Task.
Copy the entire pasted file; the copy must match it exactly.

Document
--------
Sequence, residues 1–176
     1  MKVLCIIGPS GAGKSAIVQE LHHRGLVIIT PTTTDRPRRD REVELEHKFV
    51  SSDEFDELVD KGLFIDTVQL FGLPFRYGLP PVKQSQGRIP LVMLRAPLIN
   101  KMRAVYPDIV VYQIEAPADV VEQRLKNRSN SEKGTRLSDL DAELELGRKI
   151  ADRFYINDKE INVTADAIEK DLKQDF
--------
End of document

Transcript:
Sequence, residues 1–176
     1  MKVLCIIGPS GAGKSAIVQE LHHRGLVIIT PTTTDRPRRD REVELEHKFV
    51  SSDEFDELVD KGLFIDTVQL FGLPFRYGLP PVKQSQGRIP LVMLRAPLIN
   101  KMRAVYPDIV VYQIEAPADV VEQRLKNRSN SEKGTRLSDL DAELELGRKI
   151  ADRFYINDKE INVTADAIEK DLKQDF